Sadio Mane has grown used to playing second fiddle to Mohamed Salah in the two seasons since the latter joined the Senegalese at Liverpool.
However, the fact Jurgen Klopp’s men top the Premier League in their quest to end a 29-year wait to win the title and face Porto in the first leg of a Champions League quarter-final at Anfield on Tuesday is largely thanks to Mane.
As Salah’s goals dried up in an eight-game drought prior to Friday’s 3-1 win at Southampton, Mane assumed the mantle as chief goal-getter with 11 in his last 13 Liverpool appearances taking his tally for the season to 20.
That run included a double away to Bayern Munich last month that eased the five-time European champions past the German giants and eyeing another shot at Champions League glory.
His first goal in particular at the Allianz Arena was a demonstration in the 26-year-old’s pace, skill, and calmness in front of goal.
Mane controlled a raking long pass from Virgil van Dijk, rounded Manuel Neuer and then dinked the ball into an unguarded net.
“I’m going to have to watch back 500 times,” admitted Klopp after the game. “It’s astounding what he did.”
Mane scored 10 Champions League goals in all last season, including in the final.
However, his brave header in Kiev to bring Liverpool briefly level was quickly forgotten amid the furor over Salah’s early shoulder injury that saw him hobble off and aided Real Madrid’s route to a third straight European title.
While Salah now carries himself with a swagger from the star status he has earned over the past two years, Mane’s humble nature means he often remains under the radar for a player of his quality.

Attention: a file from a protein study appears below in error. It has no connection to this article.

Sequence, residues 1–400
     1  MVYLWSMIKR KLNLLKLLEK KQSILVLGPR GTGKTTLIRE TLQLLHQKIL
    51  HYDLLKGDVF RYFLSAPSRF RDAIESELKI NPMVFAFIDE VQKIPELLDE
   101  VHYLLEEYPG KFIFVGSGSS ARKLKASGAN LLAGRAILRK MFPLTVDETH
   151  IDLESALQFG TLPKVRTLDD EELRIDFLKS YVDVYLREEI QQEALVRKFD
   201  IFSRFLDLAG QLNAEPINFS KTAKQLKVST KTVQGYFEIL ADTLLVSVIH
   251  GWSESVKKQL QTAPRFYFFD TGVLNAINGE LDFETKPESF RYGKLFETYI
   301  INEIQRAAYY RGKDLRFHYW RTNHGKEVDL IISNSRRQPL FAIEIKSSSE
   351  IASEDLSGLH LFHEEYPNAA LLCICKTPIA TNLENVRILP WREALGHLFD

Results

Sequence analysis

In September he was filmed helping to clean the toilets at his local mosque just hours after scoring in a vital away win at Leicester.
Last week in an internal interview with Liverpool’s club media, he detailed a daily routine that consists of healthy eating, prayer and early nights.
“That’s how a normal day for me looks. This is my dream, this is something I’ve always wanted to do, and I am so grateful that I am able to do it now,” he said.
“My dream came true, to play for one of the biggest clubs in Europe with a great team, a great manager.”
Porto is already very aware of the threat Mane poses.
When the sides met in the last of the Champions League last season, he scored a hat-trick in a 5-0 first leg rout in northern Portugal that killed the tie as a contest even before it even returned to fortress Anfield.
This time around, Liverpool will be keen to get the job done in the first leg on home soil.
Klopp’s men have not made life easy for themselves in recent weeks on league duty, requiring late goals to see off Fulham, Tottenham, and Southampton to keep their title dreams alive.
However, just by keeping pace with quadruple chasing Manchester City all season, they have shown a maturity and mental strength that has evolved from the kamikaze matches that carried them to last season’s final.
“The boys are mentality monsters – I love that,” said Klopp after victory at Southampton.
Moreover, unlike when Sergio Ramos’s takedown of Salah seemed to suck belief from Liverpool against Madrid almost a year ago, they now have a cast of characters capable of stepping up.
Goalkeeper Alisson Becker and talismanic centre-back Van Dijk have strengthened the defence.
And, at the other end, Mane has shown he can be counted on at the business end of the season.